Subway 'chicken' sandwiches contain just 50% chicken DNA, report claims
- Author: Lila Blake Mar 01, 2017,
Mar 01, 2017, 0:26
You may want to think long and hard before ordering a chicken sandwich from Subway.
The finding: it's oven-roasted chicken scored just 53.6 percent chicken DNA and its chicken strips contained just 42.8 percent chicken DNA.
And the results were alarming.
After conducting a DNA analysis of two poultry-based menu offerings (the oven-roasted chicken sandwich and sweet onion chicken teriyaki strips), results revealed that the chicken was found to only contain about half chicken DNA.
CBC News reported that a team from Trent University's Wildlife Forensic DNA laboratory did DNA testing at several popular fast food restaurants.
The research was undertaken in Canada by DNA researcher Matt Harnden for CBC Marketplace and looked at chicken from a variety of different fast food outlets.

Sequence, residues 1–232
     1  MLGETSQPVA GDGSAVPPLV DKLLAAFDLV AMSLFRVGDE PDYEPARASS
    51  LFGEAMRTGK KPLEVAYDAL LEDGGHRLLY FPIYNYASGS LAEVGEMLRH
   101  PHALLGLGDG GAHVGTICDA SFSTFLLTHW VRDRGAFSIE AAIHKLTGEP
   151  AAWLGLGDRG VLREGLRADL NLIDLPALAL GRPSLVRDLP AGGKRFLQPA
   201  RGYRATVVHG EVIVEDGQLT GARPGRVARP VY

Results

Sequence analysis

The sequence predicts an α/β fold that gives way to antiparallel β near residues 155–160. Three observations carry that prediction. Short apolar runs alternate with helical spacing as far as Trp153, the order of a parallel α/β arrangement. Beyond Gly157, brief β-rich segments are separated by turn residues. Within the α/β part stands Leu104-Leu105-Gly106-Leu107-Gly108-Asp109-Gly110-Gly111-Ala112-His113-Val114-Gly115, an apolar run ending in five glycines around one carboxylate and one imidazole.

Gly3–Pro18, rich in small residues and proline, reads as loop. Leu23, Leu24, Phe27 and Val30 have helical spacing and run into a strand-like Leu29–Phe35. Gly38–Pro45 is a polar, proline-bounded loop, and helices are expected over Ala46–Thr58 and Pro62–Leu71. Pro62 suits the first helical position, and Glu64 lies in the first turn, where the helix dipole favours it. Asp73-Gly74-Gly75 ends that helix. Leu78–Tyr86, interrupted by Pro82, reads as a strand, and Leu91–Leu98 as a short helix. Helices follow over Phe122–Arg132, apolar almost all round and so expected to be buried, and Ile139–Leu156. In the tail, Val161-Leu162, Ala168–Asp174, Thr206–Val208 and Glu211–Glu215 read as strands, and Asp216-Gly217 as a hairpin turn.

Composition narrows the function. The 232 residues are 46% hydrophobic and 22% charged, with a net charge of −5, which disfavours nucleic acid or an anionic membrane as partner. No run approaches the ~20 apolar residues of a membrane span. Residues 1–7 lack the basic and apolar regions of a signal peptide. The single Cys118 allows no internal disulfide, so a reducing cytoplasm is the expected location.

Samples were taken of five oven roasted chicken fillets and five chicken strips.
The remaining percentages were mostly soy, the study found.
It turns out, "chicken" doesn't always mean chicken-especially when it comes to fast food.
That's. pretty remarkable, especially because chicken from the other restaurants tested (McDonald's, Wendy's, Tim Hortons and A&W) all came out at almost 100% chicken, or as close to it as you'd expect for a piece of meat that's been seasoned, marinated and cooked.
Nevertheless, Subway Canada stated that they are unable to confirm the truth of these results which came from lab testing.
"Our recipe calls for one percent or less of soy protein in our chicken products", the company told the Canadian Broadcasting Corporation.
"However, we are concerned by the alleged findings you cite with respect to the proportion of soy content", the CBC quoted Subway as stating.
'We tested our chicken products recently for nutritional and quality attributes and found it met our food quality standards. "While we don't consider it a public health concern, it also creates the potential risk for that product to become an outlier as the industry shifts towards greater transparency and more stringent quality standards".